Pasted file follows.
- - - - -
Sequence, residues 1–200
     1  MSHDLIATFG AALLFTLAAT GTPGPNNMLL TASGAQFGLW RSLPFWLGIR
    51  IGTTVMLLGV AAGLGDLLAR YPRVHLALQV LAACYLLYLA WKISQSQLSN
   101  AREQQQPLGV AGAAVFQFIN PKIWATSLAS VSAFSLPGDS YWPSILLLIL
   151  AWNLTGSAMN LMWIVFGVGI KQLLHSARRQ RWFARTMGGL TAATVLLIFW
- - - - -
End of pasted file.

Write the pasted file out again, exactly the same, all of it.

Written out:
Sequence, residues 1–200
     1  MSHDLIATFG AALLFTLAAT GTPGPNNMLL TASGAQFGLW RSLPFWLGIR
    51  IGTTVMLLGV AAGLGDLLAR YPRVHLALQV LAACYLLYLA WKISQSQLSN
   101  AREQQQPLGV AGAAVFQFIN PKIWATSLAS VSAFSLPGDS YWPSILLLIL
   151  AWNLTGSAMN LMWIVFGVGI KQLLHSARRQ RWFARTMGGL TAATVLLIFW